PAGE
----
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Vancouver airport outsources its IT support; finds ARINC managed services "a natural fit"

10-Jan-2006

ANNAPOLIS (ARINC) - Today’s airports can manage growth quite well by adopting new operating technologies such as common-use passenger systems. But as the technology components needed for daily operation increase, any airport IT department can find itself stretched to support all the systems in the way they require.

In early 2005, that situation was fast becoming a challenge for Canada’s Vancouver International Airport.

“We had integrated all our systems—Flight Information Displays, Self-Service kiosks, access control doors, check-in and boarding—and we had 10,000 devices hanging off the network,” states Kevin Molloy, the airport’s Vice President for Simplified Travel. “The rapid growth was putting a strain on our resources, and we knew we would need to move to a 24x7 support mode.”

That was when Vancouver decided to look into IT outsourcing. And they found their answer right on site. “ARINC already had a 24-hour operation going,” says Molloy. “When we decided to outsource our IT support they seemed to be a natural fit—they had a lot of symmetries with us.”

In addition to its modern passenger systems, Vancouver Airport has recently added whole-bag screening capabilities and launched a network of remote check-in kiosks in downtown hotel lobbies, tourism offices, and at the convention center. And the next 5 years promise even greater activity: the Vancouver region will host the Winter Olympics in 2010 and it is already the focus of Canada’s new economic “Gateway Strategy” to expand commerce with Asia and the Pacific.

“Looking into the future, we could see the best way to handle our IT growth was to outsource support,” Molloy states. After a short period of negotiation, the airport recently contracted for a comprehensive IT service and support package provided by ARINC Managed Services LLC, through ARINC’s Canada Division. The contract includes service level agreements for all systems, and the ARINC Call Center in Annapolis, MD will provide dispatching and proactive service level monitoring.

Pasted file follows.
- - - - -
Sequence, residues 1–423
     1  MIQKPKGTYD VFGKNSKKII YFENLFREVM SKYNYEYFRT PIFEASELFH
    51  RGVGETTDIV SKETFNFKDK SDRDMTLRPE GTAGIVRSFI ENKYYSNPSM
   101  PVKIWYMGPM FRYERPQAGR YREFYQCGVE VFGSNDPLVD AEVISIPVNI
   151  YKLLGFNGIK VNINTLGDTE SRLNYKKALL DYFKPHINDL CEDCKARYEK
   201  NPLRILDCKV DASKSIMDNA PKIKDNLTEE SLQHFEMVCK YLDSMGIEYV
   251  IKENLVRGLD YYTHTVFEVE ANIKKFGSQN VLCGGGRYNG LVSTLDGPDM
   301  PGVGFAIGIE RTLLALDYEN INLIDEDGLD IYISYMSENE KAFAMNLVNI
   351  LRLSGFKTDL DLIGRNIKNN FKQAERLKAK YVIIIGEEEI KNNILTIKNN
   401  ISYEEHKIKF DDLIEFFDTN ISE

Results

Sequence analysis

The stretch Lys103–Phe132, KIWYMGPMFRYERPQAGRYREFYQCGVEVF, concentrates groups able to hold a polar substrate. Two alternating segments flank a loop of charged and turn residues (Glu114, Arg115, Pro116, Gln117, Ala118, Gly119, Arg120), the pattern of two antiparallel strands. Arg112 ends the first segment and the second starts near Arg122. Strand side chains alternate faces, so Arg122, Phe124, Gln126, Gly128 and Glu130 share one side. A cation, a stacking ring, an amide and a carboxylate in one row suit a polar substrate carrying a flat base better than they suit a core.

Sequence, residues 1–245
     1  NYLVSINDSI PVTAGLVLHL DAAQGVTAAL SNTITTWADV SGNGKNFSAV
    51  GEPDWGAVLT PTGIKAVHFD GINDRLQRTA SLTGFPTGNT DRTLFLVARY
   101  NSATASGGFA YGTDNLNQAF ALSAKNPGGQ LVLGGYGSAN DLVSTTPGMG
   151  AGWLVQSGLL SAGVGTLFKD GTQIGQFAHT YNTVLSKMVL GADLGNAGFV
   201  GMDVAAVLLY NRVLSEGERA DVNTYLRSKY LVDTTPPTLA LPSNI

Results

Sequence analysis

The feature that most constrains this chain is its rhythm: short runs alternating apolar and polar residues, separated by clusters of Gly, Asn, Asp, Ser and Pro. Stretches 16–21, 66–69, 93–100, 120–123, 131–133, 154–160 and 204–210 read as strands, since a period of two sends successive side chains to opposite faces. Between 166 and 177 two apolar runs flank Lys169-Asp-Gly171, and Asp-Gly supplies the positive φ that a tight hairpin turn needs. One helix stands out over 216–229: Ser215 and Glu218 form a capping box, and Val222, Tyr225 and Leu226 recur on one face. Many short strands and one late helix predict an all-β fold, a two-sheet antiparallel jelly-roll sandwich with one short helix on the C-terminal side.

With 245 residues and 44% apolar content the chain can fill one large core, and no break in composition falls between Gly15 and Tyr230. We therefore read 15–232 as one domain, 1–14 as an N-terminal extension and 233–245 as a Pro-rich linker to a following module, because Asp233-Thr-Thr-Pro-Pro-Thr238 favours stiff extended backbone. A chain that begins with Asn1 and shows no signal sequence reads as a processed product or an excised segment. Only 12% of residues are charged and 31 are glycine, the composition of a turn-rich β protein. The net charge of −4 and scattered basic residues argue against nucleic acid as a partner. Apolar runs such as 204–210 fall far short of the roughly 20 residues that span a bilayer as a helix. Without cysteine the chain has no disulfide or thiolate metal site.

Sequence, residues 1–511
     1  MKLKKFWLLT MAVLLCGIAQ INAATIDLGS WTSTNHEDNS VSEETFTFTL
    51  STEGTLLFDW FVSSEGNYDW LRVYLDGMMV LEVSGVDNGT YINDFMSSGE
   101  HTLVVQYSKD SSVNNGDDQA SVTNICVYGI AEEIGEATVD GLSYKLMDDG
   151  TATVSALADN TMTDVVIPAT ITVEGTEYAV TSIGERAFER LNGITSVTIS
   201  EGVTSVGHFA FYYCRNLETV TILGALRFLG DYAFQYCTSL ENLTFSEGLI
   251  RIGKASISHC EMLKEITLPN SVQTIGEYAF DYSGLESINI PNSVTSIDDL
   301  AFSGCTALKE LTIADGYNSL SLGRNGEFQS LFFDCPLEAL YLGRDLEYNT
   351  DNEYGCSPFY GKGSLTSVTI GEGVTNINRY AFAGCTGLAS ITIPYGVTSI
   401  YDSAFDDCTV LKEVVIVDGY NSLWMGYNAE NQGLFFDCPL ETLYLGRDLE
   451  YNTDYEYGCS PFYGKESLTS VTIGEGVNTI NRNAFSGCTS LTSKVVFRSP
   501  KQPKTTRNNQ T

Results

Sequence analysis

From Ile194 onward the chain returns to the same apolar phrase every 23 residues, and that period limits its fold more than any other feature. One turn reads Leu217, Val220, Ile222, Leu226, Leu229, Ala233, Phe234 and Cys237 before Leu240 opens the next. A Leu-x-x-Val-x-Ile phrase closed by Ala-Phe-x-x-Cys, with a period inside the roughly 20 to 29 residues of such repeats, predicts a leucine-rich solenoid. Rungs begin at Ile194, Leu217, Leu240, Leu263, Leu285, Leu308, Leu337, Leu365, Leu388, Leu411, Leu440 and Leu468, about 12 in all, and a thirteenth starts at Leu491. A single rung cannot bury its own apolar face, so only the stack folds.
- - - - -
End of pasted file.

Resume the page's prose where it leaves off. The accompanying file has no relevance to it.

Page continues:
Vancouver made its outsourcing decision just in time: the airport has now announced a $1.4 billion expansion plan that will add 9 new gates, 64 ticket counters, additional pre-flight screening, customs facilities, and baggage handling capabilities.

“Airports considering outsourcing should see where they are on the maturity model—it’s important to take a close look at how they want things to grow,” says Molloy. “The number of our IT systems will not increase—but they will undergo significant expansion. We held off from outsourcing for years, but we’re on the right track now. We are sure we have made the right choice,” he concludes. View further testimonial remarks from Mr. Molloy (Flash, 44 MB).



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